Companies in India’s ecommerce sector face significant challenges to growth, according to a report from MSLGROUP India.
The Publicis-owned agency’s new report, E-commerce in India: Evolution, Growth and Challenges, suggest that several factors, including a shared scepticism among Indians about paying for goods online, slow delivery times, state bureaucracy, inefficient inventory management and cyber-crime could all prove problematic.
“Establishing trust and winning confidence isn’t easy,” the MSLGROUP report added. “Brick and mortar stores tend to be more trusted. Ecommerce firms will have to work hard to gain consumers’ trust.”
Despite these problems, the Indian ecommerce sector has enjoyed stellar revenue increases over recent years. Figures from the Internet and Mobile Association of India (IAMAI) suggest that the market is expanding by around 70% per year.
But India radically under-indexes in terms of the value of its online sales compared to regional rivals. IAMAI data show that the market as a whole was worth $6.79bn in 2011, while eMarketer has put the value of Chinese ecommerce sales at $24.1bn for last year.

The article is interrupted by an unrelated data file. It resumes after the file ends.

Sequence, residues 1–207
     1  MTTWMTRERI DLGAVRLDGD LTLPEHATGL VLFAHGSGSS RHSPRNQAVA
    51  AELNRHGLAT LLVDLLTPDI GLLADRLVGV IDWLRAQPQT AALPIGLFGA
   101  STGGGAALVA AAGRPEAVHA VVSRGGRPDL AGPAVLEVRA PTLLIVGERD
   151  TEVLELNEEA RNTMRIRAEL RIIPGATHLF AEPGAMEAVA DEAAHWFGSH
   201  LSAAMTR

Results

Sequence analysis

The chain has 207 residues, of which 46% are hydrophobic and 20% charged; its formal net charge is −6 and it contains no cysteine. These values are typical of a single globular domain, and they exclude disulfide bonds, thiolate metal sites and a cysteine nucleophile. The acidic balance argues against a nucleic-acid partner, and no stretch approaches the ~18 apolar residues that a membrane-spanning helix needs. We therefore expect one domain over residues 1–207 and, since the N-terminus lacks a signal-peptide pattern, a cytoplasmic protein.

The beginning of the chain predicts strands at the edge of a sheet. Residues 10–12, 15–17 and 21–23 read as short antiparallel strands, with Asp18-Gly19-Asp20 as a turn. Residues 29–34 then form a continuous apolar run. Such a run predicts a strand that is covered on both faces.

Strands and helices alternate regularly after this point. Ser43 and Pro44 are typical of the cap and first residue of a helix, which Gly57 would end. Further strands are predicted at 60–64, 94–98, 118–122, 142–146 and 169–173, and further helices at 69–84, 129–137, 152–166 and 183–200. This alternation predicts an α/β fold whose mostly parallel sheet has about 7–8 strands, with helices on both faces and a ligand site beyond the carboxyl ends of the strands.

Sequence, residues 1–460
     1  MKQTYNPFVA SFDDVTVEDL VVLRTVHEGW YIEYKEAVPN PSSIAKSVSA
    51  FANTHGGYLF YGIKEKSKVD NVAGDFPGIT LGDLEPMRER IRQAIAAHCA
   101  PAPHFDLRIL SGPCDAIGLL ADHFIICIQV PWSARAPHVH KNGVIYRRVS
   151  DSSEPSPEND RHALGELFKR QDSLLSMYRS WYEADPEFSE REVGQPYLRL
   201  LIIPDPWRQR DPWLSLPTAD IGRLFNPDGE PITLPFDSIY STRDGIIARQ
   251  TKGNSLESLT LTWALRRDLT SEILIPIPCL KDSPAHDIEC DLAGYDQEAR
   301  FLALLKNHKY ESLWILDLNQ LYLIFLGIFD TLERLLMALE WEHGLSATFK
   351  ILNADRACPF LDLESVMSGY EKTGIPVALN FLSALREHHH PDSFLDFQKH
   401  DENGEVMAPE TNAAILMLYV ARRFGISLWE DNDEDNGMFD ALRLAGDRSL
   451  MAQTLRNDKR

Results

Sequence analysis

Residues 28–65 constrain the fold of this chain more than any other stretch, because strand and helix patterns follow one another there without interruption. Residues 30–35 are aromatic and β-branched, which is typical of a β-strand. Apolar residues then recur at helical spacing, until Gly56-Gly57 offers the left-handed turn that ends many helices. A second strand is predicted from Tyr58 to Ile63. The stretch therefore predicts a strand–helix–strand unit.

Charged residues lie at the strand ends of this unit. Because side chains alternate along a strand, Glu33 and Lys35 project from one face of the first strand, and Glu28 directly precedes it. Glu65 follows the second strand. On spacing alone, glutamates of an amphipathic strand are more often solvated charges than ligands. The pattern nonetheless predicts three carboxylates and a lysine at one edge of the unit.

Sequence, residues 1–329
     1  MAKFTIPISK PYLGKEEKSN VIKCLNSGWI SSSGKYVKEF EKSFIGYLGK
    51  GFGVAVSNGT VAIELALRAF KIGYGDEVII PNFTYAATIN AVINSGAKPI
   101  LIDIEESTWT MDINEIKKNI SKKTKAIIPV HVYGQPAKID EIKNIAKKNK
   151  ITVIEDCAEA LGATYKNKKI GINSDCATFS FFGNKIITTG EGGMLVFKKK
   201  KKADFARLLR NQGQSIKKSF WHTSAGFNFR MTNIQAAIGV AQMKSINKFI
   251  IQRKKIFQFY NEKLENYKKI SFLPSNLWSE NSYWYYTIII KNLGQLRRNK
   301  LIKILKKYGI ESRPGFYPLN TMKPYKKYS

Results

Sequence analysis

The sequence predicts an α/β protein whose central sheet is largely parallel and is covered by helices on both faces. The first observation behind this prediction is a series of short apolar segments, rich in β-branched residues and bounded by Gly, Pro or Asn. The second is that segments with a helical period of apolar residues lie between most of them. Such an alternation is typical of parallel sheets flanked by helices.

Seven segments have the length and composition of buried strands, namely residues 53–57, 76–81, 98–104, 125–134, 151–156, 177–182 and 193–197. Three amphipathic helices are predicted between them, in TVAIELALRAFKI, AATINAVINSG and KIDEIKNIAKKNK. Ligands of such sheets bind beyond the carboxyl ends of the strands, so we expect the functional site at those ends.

Nelson D’Souza, general manager of financial services site Fundsupermart.com, commented: “India has a lot to catch up on. In 10 years, we will be probably where China and the world are today.”
MSLGROUP’s report was upbeat about the Indian market’s prospects for future growth, noting that many of the market’s problems were being resolved. For example, greater uptake of SSL protections have improved users’ online security, while certain laws governing investments have been liberalised, making it easier for online vendors to establish themselves.
Uplifts to the sector should also be provided by a general rise in India’s web population, which is growing at around +13% per year, according to comScore figures cited by the report.
“Ecommerce in India is still nascent, but… the opportunities for e-commerce players are many – rapid urbanisation and rising literacy rates [and a] rapidly growing internet user population.”
Post Courtesy – Warc
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